No intention of making it a statutory body
The Government has informed the Supreme Court that appointment of Chairperson and Members of the 22nd Law Commission of India, the Government’s top body to recommend crucial legislative reforms, is under consideration.
The setting up of the 22nd Law Commission was constituted by the Government on February 21, 2020. However, no progress has been made in the appointments till date. The short affidavit filed by the Law Ministry in the court does not explain the reasons for the day, but merely states that “the Government is presently seized of the matter regarding the appointment of Chairperson and Members of the Law Commission”.
“It is submitted that the 22nd Law Commission was constituted on February 21, 2020, and the appointment of Chairperson and Member is under consideration with authorities concerned,” the two-page affidavit said.
The Government invoked the ‘doctrine of separation of power’, which says that one arm of governance should not encroach into that of another. It said the petitioner, advocate Ashwini Kumar Upadhyay, who raised the question of delay in appointments to the 22nd Law Commission did not come to court with “clean hands”.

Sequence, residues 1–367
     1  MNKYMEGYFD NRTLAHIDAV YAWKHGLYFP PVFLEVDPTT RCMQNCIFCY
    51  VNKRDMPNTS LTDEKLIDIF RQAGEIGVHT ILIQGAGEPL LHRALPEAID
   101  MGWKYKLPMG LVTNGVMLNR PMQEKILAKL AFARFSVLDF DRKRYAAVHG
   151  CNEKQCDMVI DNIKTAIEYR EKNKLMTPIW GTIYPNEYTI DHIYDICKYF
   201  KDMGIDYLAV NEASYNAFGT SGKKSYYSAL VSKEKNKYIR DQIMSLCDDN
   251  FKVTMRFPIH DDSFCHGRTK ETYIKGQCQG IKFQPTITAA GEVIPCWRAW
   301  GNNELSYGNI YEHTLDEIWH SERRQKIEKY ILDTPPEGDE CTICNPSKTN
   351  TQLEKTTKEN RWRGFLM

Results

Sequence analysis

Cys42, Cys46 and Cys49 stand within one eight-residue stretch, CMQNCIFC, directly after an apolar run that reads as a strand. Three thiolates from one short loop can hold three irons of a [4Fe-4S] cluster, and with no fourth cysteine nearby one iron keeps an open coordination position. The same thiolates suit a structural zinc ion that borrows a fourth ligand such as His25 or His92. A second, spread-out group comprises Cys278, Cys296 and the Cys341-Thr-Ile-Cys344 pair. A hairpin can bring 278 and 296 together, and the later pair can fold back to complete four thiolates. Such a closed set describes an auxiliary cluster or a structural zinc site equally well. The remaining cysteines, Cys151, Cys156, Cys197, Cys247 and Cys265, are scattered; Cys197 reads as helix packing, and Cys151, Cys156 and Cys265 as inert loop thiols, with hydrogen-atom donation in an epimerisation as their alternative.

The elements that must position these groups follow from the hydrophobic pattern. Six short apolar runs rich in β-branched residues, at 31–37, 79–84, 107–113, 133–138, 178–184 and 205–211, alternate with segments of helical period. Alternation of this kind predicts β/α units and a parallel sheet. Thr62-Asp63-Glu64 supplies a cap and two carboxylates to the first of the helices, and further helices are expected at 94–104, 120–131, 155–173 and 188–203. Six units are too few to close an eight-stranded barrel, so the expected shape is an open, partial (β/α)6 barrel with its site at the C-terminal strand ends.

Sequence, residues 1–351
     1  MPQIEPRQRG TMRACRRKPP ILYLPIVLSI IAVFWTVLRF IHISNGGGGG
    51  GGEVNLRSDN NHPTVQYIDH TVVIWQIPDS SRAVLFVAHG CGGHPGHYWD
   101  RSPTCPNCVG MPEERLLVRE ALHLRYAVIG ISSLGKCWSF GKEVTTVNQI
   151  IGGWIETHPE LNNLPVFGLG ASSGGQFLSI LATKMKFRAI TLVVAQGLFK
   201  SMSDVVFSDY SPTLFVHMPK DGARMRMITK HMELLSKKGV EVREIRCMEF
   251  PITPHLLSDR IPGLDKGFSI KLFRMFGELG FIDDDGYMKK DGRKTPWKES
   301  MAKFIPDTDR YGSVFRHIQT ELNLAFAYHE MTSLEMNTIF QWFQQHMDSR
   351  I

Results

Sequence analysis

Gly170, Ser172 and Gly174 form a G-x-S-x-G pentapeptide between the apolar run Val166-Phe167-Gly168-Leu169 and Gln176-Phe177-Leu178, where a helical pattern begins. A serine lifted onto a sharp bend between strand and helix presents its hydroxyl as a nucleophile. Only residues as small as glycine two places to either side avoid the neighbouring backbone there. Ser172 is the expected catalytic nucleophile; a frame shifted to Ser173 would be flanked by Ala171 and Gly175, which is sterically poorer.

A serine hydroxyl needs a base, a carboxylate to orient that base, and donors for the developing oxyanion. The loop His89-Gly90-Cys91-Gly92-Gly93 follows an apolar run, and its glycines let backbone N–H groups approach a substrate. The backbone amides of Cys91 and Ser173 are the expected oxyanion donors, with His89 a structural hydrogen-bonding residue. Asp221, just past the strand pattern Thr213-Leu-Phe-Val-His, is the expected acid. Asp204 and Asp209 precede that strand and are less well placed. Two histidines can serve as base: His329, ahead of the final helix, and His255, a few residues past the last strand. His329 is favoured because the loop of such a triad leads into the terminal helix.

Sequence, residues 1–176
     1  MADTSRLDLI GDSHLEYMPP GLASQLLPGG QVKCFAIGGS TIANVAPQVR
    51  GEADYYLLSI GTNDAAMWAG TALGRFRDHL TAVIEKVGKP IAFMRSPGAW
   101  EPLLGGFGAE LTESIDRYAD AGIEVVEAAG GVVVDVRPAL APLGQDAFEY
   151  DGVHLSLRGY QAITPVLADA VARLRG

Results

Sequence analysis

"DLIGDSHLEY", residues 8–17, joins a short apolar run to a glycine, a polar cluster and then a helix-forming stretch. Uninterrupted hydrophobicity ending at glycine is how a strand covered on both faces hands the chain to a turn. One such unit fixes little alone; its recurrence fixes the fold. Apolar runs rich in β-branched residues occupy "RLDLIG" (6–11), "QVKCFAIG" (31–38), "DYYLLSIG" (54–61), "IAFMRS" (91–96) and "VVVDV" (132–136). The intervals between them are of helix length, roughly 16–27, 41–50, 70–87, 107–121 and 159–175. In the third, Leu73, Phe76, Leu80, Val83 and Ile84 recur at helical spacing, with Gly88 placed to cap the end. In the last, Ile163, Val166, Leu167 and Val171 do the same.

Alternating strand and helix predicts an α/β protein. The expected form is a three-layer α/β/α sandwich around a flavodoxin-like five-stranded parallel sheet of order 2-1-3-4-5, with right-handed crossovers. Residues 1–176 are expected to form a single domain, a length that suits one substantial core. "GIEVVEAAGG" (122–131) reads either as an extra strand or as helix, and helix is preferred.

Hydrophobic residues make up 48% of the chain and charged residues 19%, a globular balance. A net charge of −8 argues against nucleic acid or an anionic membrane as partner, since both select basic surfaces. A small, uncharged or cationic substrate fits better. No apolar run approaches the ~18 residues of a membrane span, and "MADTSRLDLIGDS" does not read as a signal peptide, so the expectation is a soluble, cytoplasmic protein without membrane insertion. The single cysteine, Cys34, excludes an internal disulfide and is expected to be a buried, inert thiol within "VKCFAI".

The Government also responded in the negative to Mr. Upadhyay’s plea that the Law Commission should be brought under a statute with definite terms on appointments, its functions and powers spelt out.
The Centre made it clear that there was no such proposal to make the Law Commission a statutory body.
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